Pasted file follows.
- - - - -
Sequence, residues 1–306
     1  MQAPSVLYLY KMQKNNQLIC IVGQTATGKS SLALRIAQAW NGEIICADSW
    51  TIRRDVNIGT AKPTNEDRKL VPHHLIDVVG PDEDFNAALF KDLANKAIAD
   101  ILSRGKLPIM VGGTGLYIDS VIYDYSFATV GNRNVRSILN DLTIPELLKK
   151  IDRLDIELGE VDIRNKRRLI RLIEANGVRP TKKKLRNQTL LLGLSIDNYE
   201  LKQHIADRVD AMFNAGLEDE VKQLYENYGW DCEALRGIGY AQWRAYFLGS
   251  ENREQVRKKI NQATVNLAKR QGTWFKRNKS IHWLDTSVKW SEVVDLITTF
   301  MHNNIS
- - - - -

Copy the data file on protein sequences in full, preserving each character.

Sequence, residues 1–306
     1  MQAPSVLYLY KMQKNNQLIC IVGQTATGKS SLALRIAQAW NGEIICADSW
    51  TIRRDVNIGT AKPTNEDRKL VPHHLIDVVG PDEDFNAALF KDLANKAIAD
   101  ILSRGKLPIM VGGTGLYIDS VIYDYSFATV GNRNVRSILN DLTIPELLKK
   151  IDRLDIELGE VDIRNKRRLI RLIEANGVRP TKKKLRNQTL LLGLSIDNYE
   201  LKQHIADRVD AMFNAGLEDE VKQLYENYGW DCEALRGIGY AQWRAYFLGS
   251  ENREQVRKKI NQATVNLAKR QGTWFKRNKS IHWLDTSVKW SEVVDLITTF
   301  MHNNIS